Between 55 and 65% of waste depending on the category is generated from our homes. Recycling has increased, but at around 34% still lags well behind the benchmark Switzerland at around 52% recycling. The cost of waste disposal will continue to rise as it has to be hauled away using fuel based vehicles.
What does our consumption look like? A more detailed breakdown.
US water usage was about 410,000 million gallons per day (Mgal/d) in the United States during 2005 (most recent report).
80% consists of surface water and 82% of that is fresh water. 49% of the daily total or 200,000 Mgal/d is needed for thermoelectric generation of which 40% is used for electricity in buildings, which are completely within the home owners control.
Another 28% of water is used for irrigation in agriculture (to put food on our tables – 40% of which gets thrown away as waste when you factor restaurants into account as well as domestic!) Only 11% was withdrawn for public use: homes, offices, industrial.
What, therefore is within our control as home owners? 40% of thermoelectric consumption 80,000Mgal/d, another 45,100Mgal/d of public water consumption and 51,200Mgal/d of irrigation water for food trashed for a grand total of 176,300Mgal/d or 43% of total water usage.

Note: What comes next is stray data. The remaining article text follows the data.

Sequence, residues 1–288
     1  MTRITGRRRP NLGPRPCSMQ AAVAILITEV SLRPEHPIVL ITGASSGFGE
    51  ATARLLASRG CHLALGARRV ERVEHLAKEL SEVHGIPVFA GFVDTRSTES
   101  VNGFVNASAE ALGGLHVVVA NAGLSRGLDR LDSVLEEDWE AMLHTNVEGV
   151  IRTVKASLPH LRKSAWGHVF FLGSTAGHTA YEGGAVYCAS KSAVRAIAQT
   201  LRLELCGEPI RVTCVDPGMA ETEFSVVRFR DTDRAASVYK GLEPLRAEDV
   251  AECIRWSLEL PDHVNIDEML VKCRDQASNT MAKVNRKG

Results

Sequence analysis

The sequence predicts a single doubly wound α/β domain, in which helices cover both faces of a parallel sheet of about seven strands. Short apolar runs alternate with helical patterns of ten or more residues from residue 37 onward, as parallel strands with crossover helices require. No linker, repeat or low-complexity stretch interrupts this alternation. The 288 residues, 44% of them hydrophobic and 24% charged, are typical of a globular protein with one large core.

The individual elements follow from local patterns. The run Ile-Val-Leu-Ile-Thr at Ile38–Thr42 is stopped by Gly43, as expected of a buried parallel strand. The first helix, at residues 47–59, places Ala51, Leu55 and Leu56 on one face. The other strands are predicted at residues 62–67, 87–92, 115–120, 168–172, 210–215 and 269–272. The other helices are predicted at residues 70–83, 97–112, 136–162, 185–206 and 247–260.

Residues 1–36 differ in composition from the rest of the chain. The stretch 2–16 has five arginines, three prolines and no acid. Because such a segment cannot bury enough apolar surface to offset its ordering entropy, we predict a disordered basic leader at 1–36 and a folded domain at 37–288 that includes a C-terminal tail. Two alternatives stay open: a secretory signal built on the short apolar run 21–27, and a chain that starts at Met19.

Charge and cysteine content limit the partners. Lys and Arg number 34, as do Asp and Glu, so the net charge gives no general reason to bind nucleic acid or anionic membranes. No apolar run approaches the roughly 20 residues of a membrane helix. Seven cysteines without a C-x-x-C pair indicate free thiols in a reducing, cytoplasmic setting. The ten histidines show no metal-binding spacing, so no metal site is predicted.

This is a surprisingly big number. 43% of water usage is within the home owners direct control not requiring any interference from or single change in legislation. Of course if we factor in political activism, I am sure we could bring a lot more of the water usage under our control. Let’s start here though as it already represents a huge potential saving.
Water has a very direct connection with energy and food production . For more information on water read the US Geological Survey Report. In both food and energy we have inefficiencies or waste of between 40-60%! That is a huge opportunity economically for the USA.
We spend $1.204 trillion or $3,895 per person per year on energy. 40% or $481 billion is used in buildings. Almost half a trillion dollars a year to heat, cool and light buildings!
The above chart shows our home owners or domestic energy consumption. The electricity losses are almost two thirds of total electricity production mostly through transmission losses.The rapid rise in the amount of electricity we are consuming as our lifestyles have improved over the past fifty years and the reduction in petroleum usage in the late seventies through the oil crisis and the growth of the more efficient foreign imported cars that Americans started to buy in large quantities caused this drop. Note also the renewed reductions in the last few years. The clear conclusion from this chart is that we have to get electricity production and consumption under control if we are to become more energy efficient. We already have the technologies available to achieve that today.